Late star Avicii’s diary entries have shed light on the heartbreaking demons he faced before taking his own life in April 2018.

His journal entries have been included in Måns Mosesson’s upcoming book, Tim – The Official Biography of Avicii, which is due for release next month, and depict how the star, real name Tim Bergling, dealt with his substance abuse battles.

Måns spoke to his parents, Anki and Klas Bergling, family, friends, exes, peers and colleagues about the star to piece together his life story.

The diary entries come from his various rehab and hospital stints for drink and drug addiction, before he died by suicide during a holiday with friends in Oman on 20 April 2018, aged 28 – two years after stepping away from the spotlight.

Wake Me Up artist Avicii shot to worldwide fame in 2011 with his song Levels yet he stopped touring in 2016 following a battle with alcohol and opioid addiction.

His prescription pain killer addiction stemmed from a then 22-year-old Avicii, being rushed to hospital in January 2012 after developing agonising pancreatitis – caused by excessive drinking and acne medication.

Doctors strongly advised he stay sober for at least six months and cut out junk food, otherwise his stomach would become inflamed again and not heal – leading to the possibility of suffering chronic pain for the rest of his life.

It was here he began writing his journals – admitting he enjoyed this time.

He penned: ‘I had a hard time accepting never drinking again though strongly suggested from all doctors to wait at least a year before even having a beer…

‘Of course, I didn’t listen to the majority of the doctors, I listened to the couple who said it was ok if I was careful. I was ignorant and naive and touring the world, still on the never-ending tour – because once you’ve circled it once, guess what?…

‘You start right back over again. Those days in hospital were the most anxiety and stress-free days I can remember the past 6 years, those were my true vacations, as depressing as it might sound…

‘The relief of going from extreme pain to none, knowing that no one is expecting anything other than for you to wait it out (which is the only way of treating pancreatitis) and then recover was huge. It was an extreme relief considering the insane schedule I had kept up until that point.’


HIGH SCHOOL: Tries his first joint and fears he has developed psychosis. A trip to a child psychologist quashes fears.

January 2012: The star, then 22, is rushed to hospital after developing agonising pancreatitis – caused by excessive drinking and acne medication.

February 2013: He is hospitalised again after flying to Australia and being left in serious pain when his pancreas became inflammed again and was told to have his gall bladder removed. He refused the operation in favour of honouring his jam-packed schedule.

2014: Avicii is hospitalised for a third time with a ruptured appendix. He is forced to undergo the gallbladder surgery.

2014: His family in Sweden attempt to wean him off his reliance on prescription painkillers spawning from his various hospitalisations. He escapes to LA and finds a private doctor to carry on prescribing the drugs.

Winter 2014: Back to back hospitalisations come when he needs his stomach pumped for drinking alcohol and consuming pills, including muscle relaxants and panic attack medication.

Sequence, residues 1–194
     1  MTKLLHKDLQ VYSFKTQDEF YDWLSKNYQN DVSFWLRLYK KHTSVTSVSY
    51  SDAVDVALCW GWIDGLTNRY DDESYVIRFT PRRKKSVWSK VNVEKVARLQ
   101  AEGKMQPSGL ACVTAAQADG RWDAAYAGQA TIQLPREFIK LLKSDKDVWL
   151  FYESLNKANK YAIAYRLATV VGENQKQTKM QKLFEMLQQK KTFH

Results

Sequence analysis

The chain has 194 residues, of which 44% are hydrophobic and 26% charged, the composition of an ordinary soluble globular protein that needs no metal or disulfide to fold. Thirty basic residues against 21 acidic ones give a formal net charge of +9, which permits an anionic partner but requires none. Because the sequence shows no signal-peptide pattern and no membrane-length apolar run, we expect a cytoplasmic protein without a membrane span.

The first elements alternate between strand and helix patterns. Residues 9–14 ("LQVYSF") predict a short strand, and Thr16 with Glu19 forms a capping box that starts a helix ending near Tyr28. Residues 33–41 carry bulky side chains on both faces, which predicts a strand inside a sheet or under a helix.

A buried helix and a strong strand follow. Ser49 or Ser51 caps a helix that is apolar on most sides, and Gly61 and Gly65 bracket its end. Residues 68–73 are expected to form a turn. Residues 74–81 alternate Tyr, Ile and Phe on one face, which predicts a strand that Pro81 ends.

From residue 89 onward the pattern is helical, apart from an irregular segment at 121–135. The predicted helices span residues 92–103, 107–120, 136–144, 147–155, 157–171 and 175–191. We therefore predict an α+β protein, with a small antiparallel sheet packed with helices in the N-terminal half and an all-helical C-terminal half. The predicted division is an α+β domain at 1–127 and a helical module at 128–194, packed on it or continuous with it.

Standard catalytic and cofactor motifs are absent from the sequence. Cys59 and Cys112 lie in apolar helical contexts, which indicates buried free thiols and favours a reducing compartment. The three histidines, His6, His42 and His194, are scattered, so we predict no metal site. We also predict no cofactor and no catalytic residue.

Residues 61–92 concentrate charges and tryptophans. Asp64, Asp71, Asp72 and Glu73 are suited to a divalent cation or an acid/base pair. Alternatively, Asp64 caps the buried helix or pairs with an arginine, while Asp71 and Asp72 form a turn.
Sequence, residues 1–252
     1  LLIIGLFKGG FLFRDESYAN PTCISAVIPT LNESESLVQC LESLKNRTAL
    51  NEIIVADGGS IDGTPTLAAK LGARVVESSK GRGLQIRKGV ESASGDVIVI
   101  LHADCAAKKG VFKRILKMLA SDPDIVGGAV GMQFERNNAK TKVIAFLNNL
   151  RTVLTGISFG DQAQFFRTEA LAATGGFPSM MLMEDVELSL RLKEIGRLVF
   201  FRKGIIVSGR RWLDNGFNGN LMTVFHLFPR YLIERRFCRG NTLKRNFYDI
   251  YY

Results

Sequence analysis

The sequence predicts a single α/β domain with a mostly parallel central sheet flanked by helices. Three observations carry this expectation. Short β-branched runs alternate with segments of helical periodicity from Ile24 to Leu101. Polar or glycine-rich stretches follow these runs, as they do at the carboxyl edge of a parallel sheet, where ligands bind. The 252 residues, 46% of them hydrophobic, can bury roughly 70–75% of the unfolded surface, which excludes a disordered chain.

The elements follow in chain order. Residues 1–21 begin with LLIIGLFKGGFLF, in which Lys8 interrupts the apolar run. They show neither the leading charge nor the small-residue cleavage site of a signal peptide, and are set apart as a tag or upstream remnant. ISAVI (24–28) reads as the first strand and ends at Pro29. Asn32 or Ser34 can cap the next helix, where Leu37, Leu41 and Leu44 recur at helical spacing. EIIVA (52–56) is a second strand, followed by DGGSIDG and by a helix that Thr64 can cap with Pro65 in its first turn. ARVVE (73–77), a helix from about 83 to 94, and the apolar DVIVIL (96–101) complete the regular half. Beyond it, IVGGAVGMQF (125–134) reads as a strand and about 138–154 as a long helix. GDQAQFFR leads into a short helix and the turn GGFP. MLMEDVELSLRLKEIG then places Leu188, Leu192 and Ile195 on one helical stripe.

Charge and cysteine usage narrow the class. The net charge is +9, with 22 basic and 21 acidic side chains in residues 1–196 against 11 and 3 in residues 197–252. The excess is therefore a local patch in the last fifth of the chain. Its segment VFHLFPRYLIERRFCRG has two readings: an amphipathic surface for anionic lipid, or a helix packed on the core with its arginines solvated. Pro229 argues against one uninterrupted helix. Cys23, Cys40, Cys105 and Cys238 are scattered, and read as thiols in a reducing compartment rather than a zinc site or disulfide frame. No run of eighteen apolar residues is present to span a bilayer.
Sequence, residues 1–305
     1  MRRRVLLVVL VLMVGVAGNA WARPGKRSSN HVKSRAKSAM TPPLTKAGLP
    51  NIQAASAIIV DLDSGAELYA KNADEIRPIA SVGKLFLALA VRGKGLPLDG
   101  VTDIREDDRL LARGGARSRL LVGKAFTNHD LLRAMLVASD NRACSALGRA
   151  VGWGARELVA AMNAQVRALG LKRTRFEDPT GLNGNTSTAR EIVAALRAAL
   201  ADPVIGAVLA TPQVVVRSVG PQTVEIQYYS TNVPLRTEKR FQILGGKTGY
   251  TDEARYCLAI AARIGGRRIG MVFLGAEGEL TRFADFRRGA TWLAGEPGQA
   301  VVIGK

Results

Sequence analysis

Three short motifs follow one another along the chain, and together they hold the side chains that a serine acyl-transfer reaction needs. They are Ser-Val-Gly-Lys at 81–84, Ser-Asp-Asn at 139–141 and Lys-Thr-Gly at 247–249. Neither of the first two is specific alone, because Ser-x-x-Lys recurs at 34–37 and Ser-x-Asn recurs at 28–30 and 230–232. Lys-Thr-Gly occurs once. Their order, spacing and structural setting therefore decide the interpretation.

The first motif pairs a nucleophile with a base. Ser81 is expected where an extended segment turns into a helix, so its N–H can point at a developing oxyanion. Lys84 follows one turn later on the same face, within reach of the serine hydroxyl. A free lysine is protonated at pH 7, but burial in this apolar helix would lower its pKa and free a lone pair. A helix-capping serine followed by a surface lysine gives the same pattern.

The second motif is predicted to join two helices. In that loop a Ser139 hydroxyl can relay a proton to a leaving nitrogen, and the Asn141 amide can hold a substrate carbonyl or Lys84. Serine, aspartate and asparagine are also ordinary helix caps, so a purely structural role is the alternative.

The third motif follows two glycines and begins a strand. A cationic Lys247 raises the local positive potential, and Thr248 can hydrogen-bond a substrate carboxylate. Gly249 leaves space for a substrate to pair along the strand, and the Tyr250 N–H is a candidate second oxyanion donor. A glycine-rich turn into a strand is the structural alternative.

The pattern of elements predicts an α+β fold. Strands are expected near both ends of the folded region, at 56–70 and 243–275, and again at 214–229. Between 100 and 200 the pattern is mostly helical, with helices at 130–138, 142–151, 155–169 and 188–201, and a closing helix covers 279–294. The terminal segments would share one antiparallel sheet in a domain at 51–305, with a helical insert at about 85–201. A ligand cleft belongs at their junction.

Summer 2015: His family stage an intervention after the DJ continues to fall into the grasps of crippling opioid addiction. A stay at the $13,400 per week Ibiza Calm rehab facility seems to work.

Spring 2016: After performing at Miami’s Ultra Music Festival in March, he decided his stage days were over and he will no longer perform live due to the strain of live performances exacerbating his problems.

August 2016: Avicii performed his final ever stage show.

2017: In the documentary Avicii: True Stories, the musician admits he has grown reliant on alcohol – using substances to calm his nerves.

April 2018: Avicii travels to Oman for a meditation retreat with a friend, however his mental state begins to deteriorate. He takes his own life.

In 2015, after an intervention from his family, the star went to stay at the $13,400 per week Ibiza Calm rehab facility where he chronicled his time in his diary.

He wrote: ‘It needed to be explained to me very logically and caveman-esque for me to truly understand its nature and how it was harming me. Ouch, pain. Why me pain now? Uncomfortable feeling…

‘Future Tim deal with pain. Future Tim deal with pain better than present Tim because already there’s too many present pains more urgent to deal with.’

In April 2018, Avicii travelled with a friend to to Oman, before which he messaged a friend discussing his ventures into meditation.

After battling against his demons, he turned to meditation, focusing heavily on the works of Maharishi Mahesh Yogi – who teaches that one could reach the deepest state of consciousness, or enlightenment, and there would be no more suffering.

Maharishi’s teachings state this level of ‘cosmic consciousness’ could be achieved in five to eight years’, yet Avicii wanted to reach this level quicker so was meditating for hours at a time – rather than the suggested 20 minutes.

He wrote: ‘It feels like I am in a new default mode of being which is very new and a little bit scary. It felt like the fears the last couple of days caused havoc in me, but I remember the tip to focus on my breathing.’

On April 19, a fellow traveller Avicii had met on the trip contacted his father to express concern over the star’s meditation practices.

He said the star was crying, not speaking, refusing to eat and sitting in the blistering sun. He later called Klas to tell him the star had taken his own life.

Final messages from the star saw his tortured outlook, including a message reading: ‘The shedding of the soul is the last attachment, before it restarts!’

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